More schools after Browne

Max Browne has seen all kinds of defensive schemes trying to slow down his potent Sammamish (Wash.) Skyline offense but the 2013 pro-style quarterback continues to carve up most opponents and he's having another phenomenal season.
Browne, one of the top junior quarterbacks in the West, has thrown for 2,148 yards with 24 touchdowns and four interceptions through seven games this season. Those numbers are exceptional following a year where he threw for 4,182 yards with 50 TDs and 13 picks.
"Most teams have been trying to drop back, dropping seven or eight on any given down and trusting their front three against our front five," Browne said.

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"Teams have tried to blitz a little bit but last year Eastlake brought, five, six, seven guys on each play but most teams have been trying to drop back and forcing me to throw around a bunch of defensive backs.
"It's a different mentality when they blitz but I had my best game against Eastlake last year and they blitzed a bunch. I was 39 of 43 so that was a good game. It doesn't really matter to me. We have enough plays that if they blitz we'll go to this play and if they sit back we'll take our time and let the play develop. It doesn't matter to me."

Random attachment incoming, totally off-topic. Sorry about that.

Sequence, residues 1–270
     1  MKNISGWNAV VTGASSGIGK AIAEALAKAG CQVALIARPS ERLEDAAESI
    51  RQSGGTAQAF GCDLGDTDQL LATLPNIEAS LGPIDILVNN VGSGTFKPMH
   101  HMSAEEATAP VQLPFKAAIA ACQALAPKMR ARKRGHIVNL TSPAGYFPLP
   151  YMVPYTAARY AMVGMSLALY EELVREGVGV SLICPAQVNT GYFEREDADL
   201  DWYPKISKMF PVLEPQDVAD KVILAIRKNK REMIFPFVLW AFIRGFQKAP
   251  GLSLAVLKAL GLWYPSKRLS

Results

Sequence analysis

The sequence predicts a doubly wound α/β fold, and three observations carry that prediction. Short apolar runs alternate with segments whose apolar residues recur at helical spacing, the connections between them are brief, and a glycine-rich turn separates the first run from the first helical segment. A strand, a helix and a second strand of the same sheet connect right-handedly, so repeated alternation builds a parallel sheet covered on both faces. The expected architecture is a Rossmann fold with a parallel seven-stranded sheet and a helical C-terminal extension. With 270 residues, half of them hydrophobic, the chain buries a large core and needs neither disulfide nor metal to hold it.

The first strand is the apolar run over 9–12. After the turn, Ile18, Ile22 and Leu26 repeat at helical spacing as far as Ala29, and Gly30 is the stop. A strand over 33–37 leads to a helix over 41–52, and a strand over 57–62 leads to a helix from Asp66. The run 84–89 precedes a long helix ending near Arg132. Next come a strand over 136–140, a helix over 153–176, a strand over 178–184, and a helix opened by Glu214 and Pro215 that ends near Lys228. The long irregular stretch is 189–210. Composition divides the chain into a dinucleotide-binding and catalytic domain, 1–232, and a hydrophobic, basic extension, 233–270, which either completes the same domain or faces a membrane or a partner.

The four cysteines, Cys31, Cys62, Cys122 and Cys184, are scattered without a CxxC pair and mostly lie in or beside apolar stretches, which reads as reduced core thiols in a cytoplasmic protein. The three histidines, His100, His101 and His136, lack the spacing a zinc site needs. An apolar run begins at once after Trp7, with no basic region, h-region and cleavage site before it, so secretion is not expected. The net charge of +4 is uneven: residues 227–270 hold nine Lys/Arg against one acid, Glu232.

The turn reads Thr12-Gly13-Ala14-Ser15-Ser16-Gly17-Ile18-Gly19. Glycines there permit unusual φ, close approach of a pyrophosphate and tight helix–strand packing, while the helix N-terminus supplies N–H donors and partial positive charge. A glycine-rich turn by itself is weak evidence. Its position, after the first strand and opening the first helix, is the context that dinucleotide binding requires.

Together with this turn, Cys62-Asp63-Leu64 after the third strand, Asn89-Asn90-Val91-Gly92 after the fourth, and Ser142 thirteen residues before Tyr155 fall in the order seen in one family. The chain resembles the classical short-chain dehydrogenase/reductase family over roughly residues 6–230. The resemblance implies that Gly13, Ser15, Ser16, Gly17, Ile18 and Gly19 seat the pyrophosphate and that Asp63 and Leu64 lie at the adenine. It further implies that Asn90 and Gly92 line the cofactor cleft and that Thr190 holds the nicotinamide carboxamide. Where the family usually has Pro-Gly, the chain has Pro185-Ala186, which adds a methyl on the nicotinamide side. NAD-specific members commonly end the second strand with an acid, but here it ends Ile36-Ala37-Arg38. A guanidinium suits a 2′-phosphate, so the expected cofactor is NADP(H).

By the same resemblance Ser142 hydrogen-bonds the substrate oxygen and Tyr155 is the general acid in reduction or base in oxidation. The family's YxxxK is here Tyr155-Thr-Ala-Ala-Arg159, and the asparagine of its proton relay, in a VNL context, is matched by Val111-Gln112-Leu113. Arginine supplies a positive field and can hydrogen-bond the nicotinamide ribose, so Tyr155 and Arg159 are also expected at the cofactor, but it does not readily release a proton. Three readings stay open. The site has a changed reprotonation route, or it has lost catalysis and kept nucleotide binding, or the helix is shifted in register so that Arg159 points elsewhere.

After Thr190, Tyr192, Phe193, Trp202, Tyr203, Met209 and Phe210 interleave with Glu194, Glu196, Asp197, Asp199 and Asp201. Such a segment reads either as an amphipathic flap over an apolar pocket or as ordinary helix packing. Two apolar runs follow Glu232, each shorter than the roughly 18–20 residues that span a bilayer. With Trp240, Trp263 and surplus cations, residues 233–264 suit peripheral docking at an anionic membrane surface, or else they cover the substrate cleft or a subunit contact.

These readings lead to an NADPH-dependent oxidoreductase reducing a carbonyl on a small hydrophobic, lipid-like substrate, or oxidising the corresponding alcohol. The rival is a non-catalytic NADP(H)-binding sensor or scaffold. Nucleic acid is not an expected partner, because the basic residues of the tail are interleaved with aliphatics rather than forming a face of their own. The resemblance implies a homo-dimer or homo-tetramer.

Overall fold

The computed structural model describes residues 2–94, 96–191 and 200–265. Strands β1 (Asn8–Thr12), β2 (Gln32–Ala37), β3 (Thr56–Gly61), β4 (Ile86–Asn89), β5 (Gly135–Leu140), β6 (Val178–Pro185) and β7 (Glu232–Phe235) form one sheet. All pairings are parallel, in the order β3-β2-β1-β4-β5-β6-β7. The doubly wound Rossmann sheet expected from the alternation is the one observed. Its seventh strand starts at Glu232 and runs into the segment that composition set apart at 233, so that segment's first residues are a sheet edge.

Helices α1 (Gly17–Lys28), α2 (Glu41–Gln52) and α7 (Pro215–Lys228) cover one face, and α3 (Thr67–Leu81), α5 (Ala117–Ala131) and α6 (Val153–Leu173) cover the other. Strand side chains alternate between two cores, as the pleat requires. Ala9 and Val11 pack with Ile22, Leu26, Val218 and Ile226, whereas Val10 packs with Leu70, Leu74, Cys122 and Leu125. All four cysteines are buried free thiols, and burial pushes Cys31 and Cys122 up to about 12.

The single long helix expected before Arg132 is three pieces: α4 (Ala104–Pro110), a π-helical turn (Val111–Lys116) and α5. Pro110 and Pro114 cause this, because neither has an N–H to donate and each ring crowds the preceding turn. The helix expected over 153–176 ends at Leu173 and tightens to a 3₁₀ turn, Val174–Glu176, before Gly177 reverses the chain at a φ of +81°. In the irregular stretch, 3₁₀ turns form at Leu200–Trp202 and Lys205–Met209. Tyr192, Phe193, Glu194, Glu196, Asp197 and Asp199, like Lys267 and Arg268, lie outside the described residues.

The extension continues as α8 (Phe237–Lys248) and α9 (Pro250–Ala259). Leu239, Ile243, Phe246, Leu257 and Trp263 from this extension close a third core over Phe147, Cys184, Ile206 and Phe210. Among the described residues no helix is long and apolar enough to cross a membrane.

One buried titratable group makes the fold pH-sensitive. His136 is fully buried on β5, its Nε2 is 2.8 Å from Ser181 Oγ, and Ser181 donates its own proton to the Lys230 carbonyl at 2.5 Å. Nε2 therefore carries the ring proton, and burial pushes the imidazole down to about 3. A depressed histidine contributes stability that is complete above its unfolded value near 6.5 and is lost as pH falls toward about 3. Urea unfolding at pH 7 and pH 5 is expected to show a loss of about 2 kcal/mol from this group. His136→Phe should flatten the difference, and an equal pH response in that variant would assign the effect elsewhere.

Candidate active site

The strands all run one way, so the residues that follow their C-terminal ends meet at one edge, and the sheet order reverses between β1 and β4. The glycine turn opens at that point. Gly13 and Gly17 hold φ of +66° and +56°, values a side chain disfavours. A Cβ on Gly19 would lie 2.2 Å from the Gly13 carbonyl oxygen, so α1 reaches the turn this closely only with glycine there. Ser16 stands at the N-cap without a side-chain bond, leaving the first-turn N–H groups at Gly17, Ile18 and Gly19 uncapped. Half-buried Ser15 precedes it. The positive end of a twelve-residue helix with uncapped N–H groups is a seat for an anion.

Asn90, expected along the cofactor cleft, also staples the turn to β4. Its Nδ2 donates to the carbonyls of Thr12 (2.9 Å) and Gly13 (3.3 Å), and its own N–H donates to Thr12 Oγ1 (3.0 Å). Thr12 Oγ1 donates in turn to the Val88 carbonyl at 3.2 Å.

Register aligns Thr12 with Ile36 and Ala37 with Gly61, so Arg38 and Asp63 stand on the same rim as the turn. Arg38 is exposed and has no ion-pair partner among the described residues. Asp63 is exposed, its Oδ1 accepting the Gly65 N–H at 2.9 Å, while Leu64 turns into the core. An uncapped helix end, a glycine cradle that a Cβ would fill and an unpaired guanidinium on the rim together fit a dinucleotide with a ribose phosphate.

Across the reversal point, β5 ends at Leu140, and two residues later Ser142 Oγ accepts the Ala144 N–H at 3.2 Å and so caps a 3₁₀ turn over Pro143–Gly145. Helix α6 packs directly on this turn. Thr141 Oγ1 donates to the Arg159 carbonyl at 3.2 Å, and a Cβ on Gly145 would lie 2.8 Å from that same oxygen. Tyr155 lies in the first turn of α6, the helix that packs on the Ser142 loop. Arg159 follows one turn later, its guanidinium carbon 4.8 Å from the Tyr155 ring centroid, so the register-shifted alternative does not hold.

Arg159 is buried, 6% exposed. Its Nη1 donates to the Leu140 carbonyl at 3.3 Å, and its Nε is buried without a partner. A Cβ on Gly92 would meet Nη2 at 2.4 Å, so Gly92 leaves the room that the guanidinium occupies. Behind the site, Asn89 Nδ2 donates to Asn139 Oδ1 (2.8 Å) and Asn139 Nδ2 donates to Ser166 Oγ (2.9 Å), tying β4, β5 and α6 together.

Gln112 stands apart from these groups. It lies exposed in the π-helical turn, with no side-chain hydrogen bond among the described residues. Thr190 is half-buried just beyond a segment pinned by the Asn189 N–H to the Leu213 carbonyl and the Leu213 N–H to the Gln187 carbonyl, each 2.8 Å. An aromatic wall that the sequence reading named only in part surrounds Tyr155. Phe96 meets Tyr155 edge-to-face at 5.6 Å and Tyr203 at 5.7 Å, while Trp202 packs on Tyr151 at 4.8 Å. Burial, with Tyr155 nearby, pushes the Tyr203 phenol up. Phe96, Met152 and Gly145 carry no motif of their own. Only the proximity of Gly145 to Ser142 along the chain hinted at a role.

Browne, a 6-foot-5, 202-pound prospect, is a cerebral quarterback so switching out of plays and comprehending an extensive playbook is no problem for him. He's been doing it at Skyline for years.
Colleges are on the hunt, too.
So far, Cal, Clemson, Colorado, Utah, Washington and Wisconsin have offered him and many other schools are showing interest but the Skyline standout wants to wait until after his junior season to seriously focus on recruiting. The offer from the Buffaloes is his newest one and it came a couple weeks ago.
USC, Stanford, Alabama and many others are showing interest. Browne said after the season he'll start calling more coaches and giving things a closer look. At this point, he's more worried about Eastlake this weekend.
"I'm kind of focused on the season right now and then I'll reach out to the coaches after the season," Browne said. "There is a bunch of mail from a variety of schools from different conferences."